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In property settlement matters some parties may be seeking that their partner makes a lump sum payment or for a particular period of time make ongoing payments by way of support. It is important to understand that even if you do not have children with your former partner, you still may be required to pay to them a sum of monies (either in a lump sum or ongoing), which is known as “Spousal Maintenance”.
Spousal Maintenance is financial support which is paid by one former partner to the other partner of a de facto relationship or a marriage which has broken down and the circumstances are that the other party is unable to financially support themselves since separation. The monies which are to be paid to your former partner is for the recipient party to apply this to the payment of their reasonable living expenses this can include rent, general household expenses, insurances etc.
It is a common question asked after the breakdown of a relationship why one party may need to financially support their former partner if the parties are no longer in a relationship, well in short under the Family Law Act 1975 a person may have a responsibility to financially assist their former de facto partner or spouse if that person is unable to meet their own living expenses. There is a duty to support and maintain each other (this works both ways), and this obligation may continue even after separation.
For a party to be successful in an application for Spousal Maintenance (or Orders seeking Spousal Maintenance) there are basically two limbs which must be satisfied by the Court.
Firstly, the Applicant (the person seeking Spousal Maintenance) must have a need and secondly, the respondent must have capacity to pay spousal maintenance, this means if the Respondent does not have financial capacity to make payments to the Applicant the Court will take this into consideration when considering the application for Spousal Maintenance.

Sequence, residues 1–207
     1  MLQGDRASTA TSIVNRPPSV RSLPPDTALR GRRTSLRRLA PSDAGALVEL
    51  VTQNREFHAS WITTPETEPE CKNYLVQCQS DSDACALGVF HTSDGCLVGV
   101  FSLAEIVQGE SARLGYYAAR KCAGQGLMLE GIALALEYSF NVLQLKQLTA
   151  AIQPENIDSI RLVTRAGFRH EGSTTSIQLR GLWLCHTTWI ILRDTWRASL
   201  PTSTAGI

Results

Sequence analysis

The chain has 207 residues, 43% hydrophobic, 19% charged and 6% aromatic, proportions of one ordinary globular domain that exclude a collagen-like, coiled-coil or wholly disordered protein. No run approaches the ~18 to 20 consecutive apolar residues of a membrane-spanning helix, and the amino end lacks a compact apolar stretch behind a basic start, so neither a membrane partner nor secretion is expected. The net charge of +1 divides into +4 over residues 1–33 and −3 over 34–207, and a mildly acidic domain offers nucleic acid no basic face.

When the Court is hearing an application or Orders for Spousal Maintenance there are a range of factors considered such as the age of the parties (this looks at how long each party has before retirement), the care of children (if any of the relationship) and the parties’ income and financial resources.
It is important to understand that there is a time limitation for a party to make a claim for Spousal Maintenance against the other party. If the parties were married this date is 12 months from the date that the divorce order takes effect and if you were a party to a de facto spouse, you have 24 months from the breakdown of your relationship.
Although there is a time limitation for a party to make an application seeking Spousal Maintenance, the Court has power to grant leave to the party who is making an application for spouse maintenance (married) or maintenance (de facto) out of time if the Court believes the Applicant has demonstrated hardship.
In practical terms this means, in some circumstances, it could be possible for a party to make an application for Spousal Maintenance even after the limitation period has elapsed and/or after property settlement has been finalized.
If you are considering separating from your partner or are in the process of separating and would like to discuss costs further, please telephone the Bris bane family lawyers team at James Noble Law and schedule a free 20-minute no-obligation consultation with one of our experienced family law solicitors today.
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